• ‘According to the committee, the annual growth rate, measured in 'net ton kilometers' of bulk commodities transported by railways, has declined from 5.33 per cent between 1984 and 1991 to 1.86 per cent between 1991 and 1999.’
      • ‘Eventually, when lifted into place and welded, they will form a ship of 1,132 feet and approximately 150,000 gross register tons.’
      • ‘With only 940 passengers, you get to know your shipmates; but at 49,400 gross register tons, she offers all the on-board options one could desire - sans the gimmicks of the new floating resorts.’
      • ‘At 38,000 gross register tons, this is one of their smallest ships.’
      • ‘The Ontario based company expects to ship 4.13 million net tons from its integrated steel business this year and it has entered into contracts for 52 percent of anticipated shipments, down from 58 percent in 2004.’
      • ‘In this era of large cruise lines and huge new ships, a small company's acquisition of a third vessel - under 20,000 gross register tons and slightly used - might pass unnoticed.’
      • ‘Upon entering service, the QM2 becomes the largest and longest passenger ship in the world at 150,000 gross register tons (8,000 more than the Voyager of the Seas) and 1,132 feet from stem to stern (exceeding the Norway by 97 feet).’
      • ‘U.S. citizenship is still required for an owner to document a vessel and the vessel must be at least five net tons.’
    2. 2.2 A unit of refrigerating power able to freeze 2,000 pounds of water at 0°C in 24 hours.
      • ‘The plant would produce 150 megawatts of electricity and 20,000 tons of cooling.’
    3. 2.3 A measure of capacity for various materials, especially 40 cubic feet of timber.
      • ‘At present the forests there move between 80000 and 100000 tons of timber a year by road.’
      • ‘Ramparts are being dug and a shipment of timber, 23 tons of English oak, was recently delivered to the site.’
      • ‘Sources in the industry say that about 2,000 tons of timber leave Mayo and the North West every week for the south eastern processing industry.’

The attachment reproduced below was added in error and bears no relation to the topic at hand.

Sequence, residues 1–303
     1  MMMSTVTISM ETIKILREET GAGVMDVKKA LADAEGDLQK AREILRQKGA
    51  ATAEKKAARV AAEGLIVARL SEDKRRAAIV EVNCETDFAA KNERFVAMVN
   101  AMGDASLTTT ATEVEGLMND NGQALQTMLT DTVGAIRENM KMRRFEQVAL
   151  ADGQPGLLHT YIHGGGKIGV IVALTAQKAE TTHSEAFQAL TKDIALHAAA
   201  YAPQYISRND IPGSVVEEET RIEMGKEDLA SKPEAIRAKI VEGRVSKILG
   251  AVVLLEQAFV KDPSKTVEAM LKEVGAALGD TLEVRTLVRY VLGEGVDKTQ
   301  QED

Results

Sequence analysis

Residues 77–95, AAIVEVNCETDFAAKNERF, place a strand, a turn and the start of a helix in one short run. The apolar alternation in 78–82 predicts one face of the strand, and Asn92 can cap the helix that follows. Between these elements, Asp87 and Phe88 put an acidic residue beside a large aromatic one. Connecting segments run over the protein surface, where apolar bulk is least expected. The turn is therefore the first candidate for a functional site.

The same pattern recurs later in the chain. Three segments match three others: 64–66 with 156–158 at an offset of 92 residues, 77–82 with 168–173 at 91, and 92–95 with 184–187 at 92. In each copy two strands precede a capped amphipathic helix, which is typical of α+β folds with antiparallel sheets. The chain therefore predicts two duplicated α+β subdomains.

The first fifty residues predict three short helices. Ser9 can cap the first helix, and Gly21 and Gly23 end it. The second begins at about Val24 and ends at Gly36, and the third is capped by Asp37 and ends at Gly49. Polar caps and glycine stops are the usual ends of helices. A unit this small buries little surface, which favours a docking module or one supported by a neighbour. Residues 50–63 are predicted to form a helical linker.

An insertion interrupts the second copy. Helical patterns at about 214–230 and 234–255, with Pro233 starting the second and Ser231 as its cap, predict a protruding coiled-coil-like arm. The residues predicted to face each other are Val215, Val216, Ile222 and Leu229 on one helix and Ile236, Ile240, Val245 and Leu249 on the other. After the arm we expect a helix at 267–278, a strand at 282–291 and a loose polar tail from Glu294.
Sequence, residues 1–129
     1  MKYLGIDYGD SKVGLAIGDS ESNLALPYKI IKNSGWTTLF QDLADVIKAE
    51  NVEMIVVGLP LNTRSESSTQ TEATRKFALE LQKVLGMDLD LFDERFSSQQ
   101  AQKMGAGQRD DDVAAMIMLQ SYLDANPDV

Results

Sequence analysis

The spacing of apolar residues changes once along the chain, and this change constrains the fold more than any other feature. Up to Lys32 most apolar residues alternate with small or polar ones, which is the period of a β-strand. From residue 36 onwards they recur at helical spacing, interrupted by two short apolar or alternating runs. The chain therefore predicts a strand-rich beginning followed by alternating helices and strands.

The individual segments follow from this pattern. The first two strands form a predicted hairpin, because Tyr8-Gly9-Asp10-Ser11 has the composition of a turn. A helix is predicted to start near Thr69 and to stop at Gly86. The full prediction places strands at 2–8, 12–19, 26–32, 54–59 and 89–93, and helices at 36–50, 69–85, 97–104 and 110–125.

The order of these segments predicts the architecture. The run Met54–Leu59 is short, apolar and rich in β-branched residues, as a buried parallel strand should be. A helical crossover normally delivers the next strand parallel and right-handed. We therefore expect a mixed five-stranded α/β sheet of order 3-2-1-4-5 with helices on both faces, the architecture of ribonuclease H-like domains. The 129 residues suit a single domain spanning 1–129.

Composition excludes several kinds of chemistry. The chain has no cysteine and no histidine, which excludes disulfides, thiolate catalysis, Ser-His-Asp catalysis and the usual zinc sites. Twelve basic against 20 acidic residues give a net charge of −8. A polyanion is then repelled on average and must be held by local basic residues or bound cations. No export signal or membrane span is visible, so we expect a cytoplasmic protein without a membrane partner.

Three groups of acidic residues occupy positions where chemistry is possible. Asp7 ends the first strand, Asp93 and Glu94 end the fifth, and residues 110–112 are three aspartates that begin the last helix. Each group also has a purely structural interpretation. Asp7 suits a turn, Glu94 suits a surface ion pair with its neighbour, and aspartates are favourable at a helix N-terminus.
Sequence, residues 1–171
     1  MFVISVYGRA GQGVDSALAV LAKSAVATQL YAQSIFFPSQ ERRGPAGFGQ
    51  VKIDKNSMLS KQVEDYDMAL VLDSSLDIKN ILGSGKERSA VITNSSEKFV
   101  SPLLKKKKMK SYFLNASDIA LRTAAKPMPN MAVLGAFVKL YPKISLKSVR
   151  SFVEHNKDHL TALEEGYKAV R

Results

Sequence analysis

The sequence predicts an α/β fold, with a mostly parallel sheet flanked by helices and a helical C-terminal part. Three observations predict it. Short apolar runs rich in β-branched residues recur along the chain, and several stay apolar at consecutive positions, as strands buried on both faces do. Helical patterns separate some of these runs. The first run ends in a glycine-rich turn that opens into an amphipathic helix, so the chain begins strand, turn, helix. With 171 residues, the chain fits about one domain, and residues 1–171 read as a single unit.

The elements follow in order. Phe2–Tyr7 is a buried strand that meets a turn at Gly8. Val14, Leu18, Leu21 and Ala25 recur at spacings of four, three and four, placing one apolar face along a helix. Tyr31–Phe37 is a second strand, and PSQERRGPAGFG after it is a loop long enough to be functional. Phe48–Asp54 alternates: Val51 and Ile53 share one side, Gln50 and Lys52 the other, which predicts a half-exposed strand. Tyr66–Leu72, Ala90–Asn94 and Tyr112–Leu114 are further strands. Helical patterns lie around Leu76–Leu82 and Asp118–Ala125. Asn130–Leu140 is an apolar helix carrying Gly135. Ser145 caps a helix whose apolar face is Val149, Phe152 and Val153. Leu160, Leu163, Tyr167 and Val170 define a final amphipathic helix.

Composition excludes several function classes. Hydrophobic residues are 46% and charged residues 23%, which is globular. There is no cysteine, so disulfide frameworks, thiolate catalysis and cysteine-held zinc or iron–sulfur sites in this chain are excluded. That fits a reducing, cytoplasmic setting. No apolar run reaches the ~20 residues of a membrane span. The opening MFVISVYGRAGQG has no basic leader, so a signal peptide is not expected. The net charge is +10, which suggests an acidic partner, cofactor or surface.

• ‘In 1772 one of the side branches was thrown down in a violent gale and, on being measured, was found to contain about five tons of timber.’
  • 3usually a ton of/tons ofinformal A large number or amount.

    ‘all of a sudden I had tons of friends’
    ‘that bag of yours weighs a ton’
    • ‘He has a bunch of books and a ton of websites and a seemingly huge and devoted following.’
    • ‘I'm sure they'll sell a ton of soundtracks that people will stop listening to in a couple months.’
    • ‘In the long run they did publish the book and made a ton of money.’
    • ‘I've just finished reading a ton of books about vampires & werewolves.’
    • ‘Even if she didn't make a ton of friends, she still thought the school was quite alright.’
    • ‘I lived in this small town in Alaska with a ton of friends, and everything seemed perfect.’
    • ‘This two-disc set is loaded with a ton of informative, entertaining, and engrossing bonus features.’
    • ‘We're not going to sell a ton of these, but when someone wants one, we've got them.’
    • ‘We know he has always loved the art of campaigning, and he seems to be relishing this opportunity to sell a ton of books and also to polish up his legacy.’
    • ‘So rest assured that you made a ton of friends even before you walked in the door.’